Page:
Wednesday, September 27, 2023
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European Stock Markets Waver Amid UK Contraction and Ahead of US Inflation Data

European stock markets showed some weakness on Wednesday in light of the UK’s unexpected contraction in July, while investors awaited crucial US inflation data.

As of 03:25 ET (07:25 GMT), Germany’s DAX index was down 0.2%, France’s CAC 40 dropped 0.1%, and the UK’s FTSE 100 fell 0.2%.

UK Economy Contracts in July
New data revealed that the UK’s economy contracted by 0.5% on a monthly basis in July, a figure significantly higher than the anticipated 0.2% decrease. Strikes in hospitals and schools were a contributing factor to the decline in output.

July also saw a 0.7% decrease in industrial production and a 0.8% drop in manufacturing output, underscoring the difficulties faced by the nation’s industrial sector. Notably, all major sectors of the UK economy, including services, manufacturing, and construction, saw declines during the month.

While the Bank of England is still widely expected to raise interest rates to 5.5% from 5.25% next week due to ongoing wage growth, this economic slowdown raises questions about whether this rate hike will mark the end of the current tightening cycle that began in December 2021.

Anticipation of Another ECB Rate Hike
Ahead of the Bank of England’s meeting, the European Central Bank (ECB) is set to meet on Thursday. Expectations for another quarter-point rate hike have increased following a Reuters report indicating that the central bank expects inflation to remain above 3% next year in its updated forecasts, significantly surpassing its 2% target. The ECB has increased rates at each of its past nine meetings, and another 25-basis-point increase would bring the key deposit rate to 4%.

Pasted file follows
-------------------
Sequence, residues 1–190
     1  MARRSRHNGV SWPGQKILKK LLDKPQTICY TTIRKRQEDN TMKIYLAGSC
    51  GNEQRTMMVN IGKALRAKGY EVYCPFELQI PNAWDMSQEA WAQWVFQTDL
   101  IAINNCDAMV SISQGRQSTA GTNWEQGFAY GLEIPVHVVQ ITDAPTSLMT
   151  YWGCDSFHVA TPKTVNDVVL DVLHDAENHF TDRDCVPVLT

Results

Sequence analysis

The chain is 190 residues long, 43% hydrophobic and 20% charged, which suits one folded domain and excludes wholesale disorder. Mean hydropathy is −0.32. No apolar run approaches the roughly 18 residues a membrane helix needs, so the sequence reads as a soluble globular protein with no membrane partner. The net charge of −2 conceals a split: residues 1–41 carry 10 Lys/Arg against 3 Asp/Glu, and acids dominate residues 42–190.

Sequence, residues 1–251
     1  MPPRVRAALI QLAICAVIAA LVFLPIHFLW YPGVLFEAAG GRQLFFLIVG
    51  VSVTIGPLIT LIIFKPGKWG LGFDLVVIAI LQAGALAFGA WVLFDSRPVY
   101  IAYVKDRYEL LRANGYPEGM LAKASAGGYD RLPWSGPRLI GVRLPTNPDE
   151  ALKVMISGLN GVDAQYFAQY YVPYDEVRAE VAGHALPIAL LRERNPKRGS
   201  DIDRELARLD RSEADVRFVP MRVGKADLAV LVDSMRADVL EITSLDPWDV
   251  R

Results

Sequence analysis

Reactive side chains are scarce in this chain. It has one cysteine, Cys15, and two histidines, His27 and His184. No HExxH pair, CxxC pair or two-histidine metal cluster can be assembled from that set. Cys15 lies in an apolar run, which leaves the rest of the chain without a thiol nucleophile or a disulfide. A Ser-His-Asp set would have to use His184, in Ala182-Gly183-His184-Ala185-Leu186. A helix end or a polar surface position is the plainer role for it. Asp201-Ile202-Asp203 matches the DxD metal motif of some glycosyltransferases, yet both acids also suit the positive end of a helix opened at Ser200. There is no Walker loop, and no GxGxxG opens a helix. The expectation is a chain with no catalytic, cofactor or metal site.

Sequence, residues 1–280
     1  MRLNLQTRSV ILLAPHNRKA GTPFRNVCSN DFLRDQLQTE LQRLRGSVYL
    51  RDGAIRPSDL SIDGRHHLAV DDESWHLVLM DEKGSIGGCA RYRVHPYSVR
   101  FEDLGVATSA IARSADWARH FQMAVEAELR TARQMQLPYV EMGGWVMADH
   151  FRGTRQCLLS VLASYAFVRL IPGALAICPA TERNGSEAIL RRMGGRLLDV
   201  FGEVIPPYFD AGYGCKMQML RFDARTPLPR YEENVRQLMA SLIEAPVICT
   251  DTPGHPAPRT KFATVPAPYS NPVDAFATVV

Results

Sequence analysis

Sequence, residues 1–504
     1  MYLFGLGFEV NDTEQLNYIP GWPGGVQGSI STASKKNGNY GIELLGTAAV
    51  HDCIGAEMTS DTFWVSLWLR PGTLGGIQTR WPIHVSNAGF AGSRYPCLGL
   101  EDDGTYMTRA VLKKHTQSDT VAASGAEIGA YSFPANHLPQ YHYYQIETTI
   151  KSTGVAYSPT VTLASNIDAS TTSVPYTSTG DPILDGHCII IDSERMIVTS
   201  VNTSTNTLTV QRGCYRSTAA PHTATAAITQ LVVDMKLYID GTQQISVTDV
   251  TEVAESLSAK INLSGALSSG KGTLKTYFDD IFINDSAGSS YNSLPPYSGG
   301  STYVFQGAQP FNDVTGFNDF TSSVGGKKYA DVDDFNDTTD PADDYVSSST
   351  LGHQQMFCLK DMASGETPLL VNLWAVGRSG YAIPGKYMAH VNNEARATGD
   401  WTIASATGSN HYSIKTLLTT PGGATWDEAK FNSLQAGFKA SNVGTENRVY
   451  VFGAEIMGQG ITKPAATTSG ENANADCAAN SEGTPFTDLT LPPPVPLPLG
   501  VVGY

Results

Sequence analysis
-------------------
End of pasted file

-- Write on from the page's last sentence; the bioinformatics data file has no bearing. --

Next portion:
Later in the session, data on eurozone industrial production for July is expected to be released. Forecasts indicate a 0.7% month-on-month decline and a 0.3% drop on an annual basis.

US Inflation Data to Influence Fed Decision
However, the day’s most critical economic data release is the August Consumer Price Index (CPI) from the US. This data will provide further insights into the country’s inflation outlook and may clarify the Federal Reserve’s future interest rate decisions.

The core CPI, which excludes volatile food and energy prices, is expected to cool to 4.3% year-on-year in August, down from 4.7%. Nonetheless, surging oil prices point to the headline annual figure rising to 3.6% from the previous month’s 3.2%.

Federal Reserve officials have indicated that they could pause when they meet later this month, having raised rates at 11 of their past 12 meetings as they assess their progress. However, they’ve cautioned against interpreting a pause as an indication that they are finished raising rates.

BP CEO Departs Amid Controversy
In corporate news, BP PLC saw its stock decline 1% after CEO Bernard Looney’s surprise departure due to a failure to fully disclose details of past personal relationships with colleagues. Looney played a crucial role in advancing the company’s energy transition strategy, raising questions about the firm’s future direction.

Redrow’s stock also fell by 0.6% after the UK housebuilder reported a decline in full-year completions, attributing it to rising mortgage rates. The company also expects continued headwinds, with summer sales anticipated to be challenging.

Crude Oil Continues to Rise
Oil prices continued to edge higher, boosted by a bullish demand outlook from the OPEC monthly report and signs of global supply constraints.

The International Energy Agency is set to release its monthly report during this session.

Furthermore, the Energy Information Administration predicted that global oil inventories would fall by nearly half a million barrels per day in the second half of 2023.

However, this positive news was tempered by data from the American Petroleum Institute, indicating a 1.2 million barrel increase in US crude inventories last week, possibly indicating a slowdown in fuel consumption in the world’s largest economy after a strong summer season.

At 03:25 ET, US crude futures were up 0.4% at $89.17 per barrel, while the Brent contract climbed 0.2% to $92.28. Both contracts remained near their highest levels since November 2022.

In addition, gold futures fell 0.1% to $1,932.95 per ounce, and EUR/USD traded 0.1% lower at 1.0738.

Rupesh Kumar Singh
Rupesh Kumar Singh
Rupesh Kumar Singh, a seasoned journalist since 2005, excels in crime and business journalism, known for accuracy and insightful reporting.


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